The purpose of this study was to investigate the effects of non-steady locomotor activities on load predictability in two goat forelimb bones and to explore the degree to which bone curvature influences load predictability. We measured in vivo bone strains in the radius and metacarpus of juvenile goats performing a variety of natural behaviors in an outdoor arena and compared these strain magnitudes and loading patterns with those measured during steady-state treadmill locomotion. We sought to test two hypotheses: our first hypothesis expects an increase in the variability of strain magnitude and pattern during outdoor non-steady behavior when compared to treadmill locomotion. Our second hypothesis was that the curved radius experiences higher peak strains but less variability during non-steady activities than the straighter metacarpus. We found that unsteady, outdoor locomotion generally caused more variable strain patterns (consistent with the first hypothesis), but not more variable strain magnitudes, than treadmill locomotion in both bones. During outdoor locomotion, higher magnitude strain events in the radius showed more constrained loading patterns than in the metacarpus (consistent with the second hypothesis). In addition to the radius experiencing significantly greater bending strains compared to the straighter metacarpus, these results support the idea of a trade-off between increased predictability of loading pattern and increased bending-induced strain. Strain magnitudes recorded during both outdoor and treadmill locomotion showed a lognormal frequency distribution, but the outdoor bone strain distributions had a greater range because they included high magnitude loading events that did not occur during steady treadmill locomotion.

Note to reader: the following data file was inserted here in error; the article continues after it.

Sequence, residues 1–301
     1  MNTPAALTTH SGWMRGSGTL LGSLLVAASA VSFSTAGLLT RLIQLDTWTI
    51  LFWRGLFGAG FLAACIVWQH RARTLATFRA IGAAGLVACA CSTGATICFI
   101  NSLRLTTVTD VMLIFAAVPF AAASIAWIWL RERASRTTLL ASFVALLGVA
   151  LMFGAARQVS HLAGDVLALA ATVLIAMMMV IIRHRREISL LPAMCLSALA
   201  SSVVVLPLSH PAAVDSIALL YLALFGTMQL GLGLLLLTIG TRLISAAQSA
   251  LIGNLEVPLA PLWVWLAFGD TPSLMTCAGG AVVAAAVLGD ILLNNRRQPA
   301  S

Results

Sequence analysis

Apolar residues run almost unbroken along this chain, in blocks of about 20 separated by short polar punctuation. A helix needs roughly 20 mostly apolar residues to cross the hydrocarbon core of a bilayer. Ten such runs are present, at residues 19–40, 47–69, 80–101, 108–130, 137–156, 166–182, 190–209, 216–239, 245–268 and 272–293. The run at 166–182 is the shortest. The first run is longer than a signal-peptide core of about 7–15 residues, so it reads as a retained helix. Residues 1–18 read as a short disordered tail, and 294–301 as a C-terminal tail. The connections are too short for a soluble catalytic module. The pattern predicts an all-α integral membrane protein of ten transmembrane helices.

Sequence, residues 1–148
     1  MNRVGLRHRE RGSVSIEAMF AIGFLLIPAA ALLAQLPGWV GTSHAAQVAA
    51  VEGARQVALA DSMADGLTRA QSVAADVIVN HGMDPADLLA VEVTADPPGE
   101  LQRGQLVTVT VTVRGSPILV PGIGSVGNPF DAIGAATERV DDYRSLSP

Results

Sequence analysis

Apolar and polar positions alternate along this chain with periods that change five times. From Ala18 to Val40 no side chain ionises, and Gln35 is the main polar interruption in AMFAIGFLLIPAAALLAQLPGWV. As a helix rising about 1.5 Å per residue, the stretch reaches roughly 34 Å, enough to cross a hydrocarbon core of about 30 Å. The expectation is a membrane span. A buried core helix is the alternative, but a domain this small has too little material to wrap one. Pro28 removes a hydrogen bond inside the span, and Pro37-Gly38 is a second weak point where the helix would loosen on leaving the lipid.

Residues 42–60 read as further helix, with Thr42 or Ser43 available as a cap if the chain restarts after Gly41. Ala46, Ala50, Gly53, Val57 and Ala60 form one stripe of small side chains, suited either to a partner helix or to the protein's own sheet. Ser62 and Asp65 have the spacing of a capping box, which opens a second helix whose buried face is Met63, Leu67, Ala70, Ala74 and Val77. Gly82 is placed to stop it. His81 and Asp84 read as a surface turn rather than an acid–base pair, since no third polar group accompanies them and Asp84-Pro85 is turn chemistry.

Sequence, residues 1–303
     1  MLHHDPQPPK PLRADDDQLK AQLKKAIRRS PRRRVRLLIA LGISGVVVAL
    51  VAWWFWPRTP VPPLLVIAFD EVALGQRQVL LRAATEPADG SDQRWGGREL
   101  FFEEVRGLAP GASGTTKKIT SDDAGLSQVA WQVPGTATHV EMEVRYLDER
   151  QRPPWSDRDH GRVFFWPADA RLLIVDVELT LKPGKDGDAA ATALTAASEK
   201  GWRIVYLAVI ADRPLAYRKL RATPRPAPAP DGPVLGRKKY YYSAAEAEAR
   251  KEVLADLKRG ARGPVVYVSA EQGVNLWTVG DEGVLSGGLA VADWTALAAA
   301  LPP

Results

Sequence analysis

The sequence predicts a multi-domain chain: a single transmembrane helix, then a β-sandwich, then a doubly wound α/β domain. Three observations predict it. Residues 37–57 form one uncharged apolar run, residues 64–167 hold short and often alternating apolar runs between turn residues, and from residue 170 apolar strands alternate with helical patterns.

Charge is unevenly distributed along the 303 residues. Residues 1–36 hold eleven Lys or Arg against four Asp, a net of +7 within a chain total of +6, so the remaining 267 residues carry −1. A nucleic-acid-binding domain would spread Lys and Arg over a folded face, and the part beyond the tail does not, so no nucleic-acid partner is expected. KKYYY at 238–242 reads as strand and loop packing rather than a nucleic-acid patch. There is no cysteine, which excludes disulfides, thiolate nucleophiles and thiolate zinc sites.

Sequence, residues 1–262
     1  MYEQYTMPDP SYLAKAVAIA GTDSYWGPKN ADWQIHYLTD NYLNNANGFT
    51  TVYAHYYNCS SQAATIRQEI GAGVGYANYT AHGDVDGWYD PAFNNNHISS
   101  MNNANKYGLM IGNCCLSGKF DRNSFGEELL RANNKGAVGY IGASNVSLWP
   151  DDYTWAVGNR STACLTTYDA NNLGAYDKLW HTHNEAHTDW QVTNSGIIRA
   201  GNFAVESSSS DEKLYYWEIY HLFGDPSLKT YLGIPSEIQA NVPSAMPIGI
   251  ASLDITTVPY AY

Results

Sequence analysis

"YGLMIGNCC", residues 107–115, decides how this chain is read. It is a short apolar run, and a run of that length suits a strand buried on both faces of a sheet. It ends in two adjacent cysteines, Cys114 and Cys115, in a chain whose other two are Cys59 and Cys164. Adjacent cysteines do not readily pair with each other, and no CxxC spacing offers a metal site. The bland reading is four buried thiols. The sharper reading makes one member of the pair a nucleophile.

Moreno, Carlos AMain, Russell PBiewener, Andrew AengEngland2008/03/18 09:00J Exp Biol. 2008 Apr;211(Pt 7):1148-62. doi: 10.1242/jeb.012419.